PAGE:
Future continuous and future perfect

Future continuous and future perfect

Do you know how to use phrases like I'll be studying or I'll have finished? Test what you know with interactive exercises and read the explanation to help you.

Look at these examples to see how the future continuous and future perfect are used.

In three years' time, I'll be studying medicine.
In five years' time, I'll have finished studying medicine.

Try this exercise to test your grammar.

Grammar test 1

Future continuous and future perfect: Grammar test 1

Read the explanation to learn more.

Grammar explanation

Future continuous

We can use the future continuous (will/won't be + -ing form) to talk about future actions that: 

  • will be in progress at a specific time in the future:

When you come out of school tomorrow, I'll be boarding a plane.
Try to call before 8 o'clock. After that, we'll be watching the match.
You can visit us during the first week of July. I won't be working then.

  • we see as new, different or temporary:

Today we're taking the bus but next week we'll be taking the train.
He'll be staying with his parents for several months while his father is in recovery.
Will you be starting work earlier with your new job?

Future perfect

We use the future perfect simple (will/won't have + past participle) to talk about something that will be completed before a specific time in the future.

The guests are coming at 8 p.m. I'll have finished cooking by then.
On 9 October we'll have been married for 50 years.
Will you have gone to bed when I get back?

We can use phrases like by or by the time (meaning 'at some point before') and in or in a day's time / in two months' time / in five years' time etc. (meaning 'at the end of this period') to give the time period in which the action will be completed.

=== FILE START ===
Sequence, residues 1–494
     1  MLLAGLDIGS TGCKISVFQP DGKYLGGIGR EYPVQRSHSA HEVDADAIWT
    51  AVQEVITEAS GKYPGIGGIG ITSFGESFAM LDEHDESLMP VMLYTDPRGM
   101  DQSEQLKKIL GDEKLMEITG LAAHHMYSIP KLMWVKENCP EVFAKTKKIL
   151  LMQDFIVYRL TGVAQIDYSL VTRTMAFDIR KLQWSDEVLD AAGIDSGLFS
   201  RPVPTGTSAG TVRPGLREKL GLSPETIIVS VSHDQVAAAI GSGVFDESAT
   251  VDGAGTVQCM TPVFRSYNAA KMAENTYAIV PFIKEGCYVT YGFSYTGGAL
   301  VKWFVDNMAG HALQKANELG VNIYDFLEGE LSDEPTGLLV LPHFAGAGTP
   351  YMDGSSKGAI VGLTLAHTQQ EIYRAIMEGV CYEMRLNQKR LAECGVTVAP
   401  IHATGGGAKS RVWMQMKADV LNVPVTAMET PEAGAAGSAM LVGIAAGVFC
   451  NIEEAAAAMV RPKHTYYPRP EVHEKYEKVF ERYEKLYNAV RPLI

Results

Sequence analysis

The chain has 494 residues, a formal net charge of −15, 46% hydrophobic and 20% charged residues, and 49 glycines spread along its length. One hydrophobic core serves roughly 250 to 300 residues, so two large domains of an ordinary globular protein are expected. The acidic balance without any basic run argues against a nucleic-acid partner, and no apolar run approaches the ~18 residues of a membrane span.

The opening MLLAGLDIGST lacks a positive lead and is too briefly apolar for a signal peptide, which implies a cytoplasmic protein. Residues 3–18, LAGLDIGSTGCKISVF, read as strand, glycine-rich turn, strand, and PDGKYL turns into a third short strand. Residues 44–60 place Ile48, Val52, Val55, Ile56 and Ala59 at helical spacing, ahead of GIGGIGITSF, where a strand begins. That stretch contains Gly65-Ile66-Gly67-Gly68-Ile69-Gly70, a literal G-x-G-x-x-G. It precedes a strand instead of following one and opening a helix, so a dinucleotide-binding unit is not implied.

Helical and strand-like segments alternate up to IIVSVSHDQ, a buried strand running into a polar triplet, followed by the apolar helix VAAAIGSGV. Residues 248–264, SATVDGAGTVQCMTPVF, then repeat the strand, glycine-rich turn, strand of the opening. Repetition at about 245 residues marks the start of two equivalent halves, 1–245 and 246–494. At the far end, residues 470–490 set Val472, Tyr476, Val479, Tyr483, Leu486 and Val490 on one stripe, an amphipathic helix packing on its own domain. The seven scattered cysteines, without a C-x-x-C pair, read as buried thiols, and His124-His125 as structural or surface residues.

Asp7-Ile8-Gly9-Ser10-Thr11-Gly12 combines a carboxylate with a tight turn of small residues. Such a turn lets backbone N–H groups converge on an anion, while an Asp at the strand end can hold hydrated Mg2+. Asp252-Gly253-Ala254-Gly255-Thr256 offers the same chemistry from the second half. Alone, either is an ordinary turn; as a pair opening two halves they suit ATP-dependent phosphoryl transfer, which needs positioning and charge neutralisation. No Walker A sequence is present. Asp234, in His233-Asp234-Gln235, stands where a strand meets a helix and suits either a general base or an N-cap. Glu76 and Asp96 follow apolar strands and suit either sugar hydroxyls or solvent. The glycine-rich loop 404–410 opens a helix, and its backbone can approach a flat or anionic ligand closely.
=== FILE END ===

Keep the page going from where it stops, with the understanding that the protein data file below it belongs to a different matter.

I won't have written all the reports by next week.
By the time we arrive, the kids will have gone to bed.
I'll have finished in an hour and then we can watch a film.
In three years' time, I'll have graduated from university.

Do this exercise to test your grammar again.

Grammar test 2

Future continuous and future perfect: Grammar test 2

Average: 4.1 (105 votes)
Profile picture for user Ahmed Imam

Submitted by Ahmed Imam on Fri, 15/04/2022 - 16:32


Hello Team. I think both choices in the next sentence are correct, right? Why
- By the end of next year, the road to my town (will have been paved - will be paved).
Thank you.

Hello Ahmed Imam,

You are right -- both answers are correct.

They both refer to a paved road in the future. Why exactly someone would choose to use one or the other depends a lot on their intentions and the context, but, for example, 'will have been paved' could suggest the speaker is thinking of different sorts of works that will be done in the town between now and next year, and the road is one of the projects on that list.

The other sentence is more general; it just reports the state of the road in the future, after it has been paved.

Hope that helps.

All the best,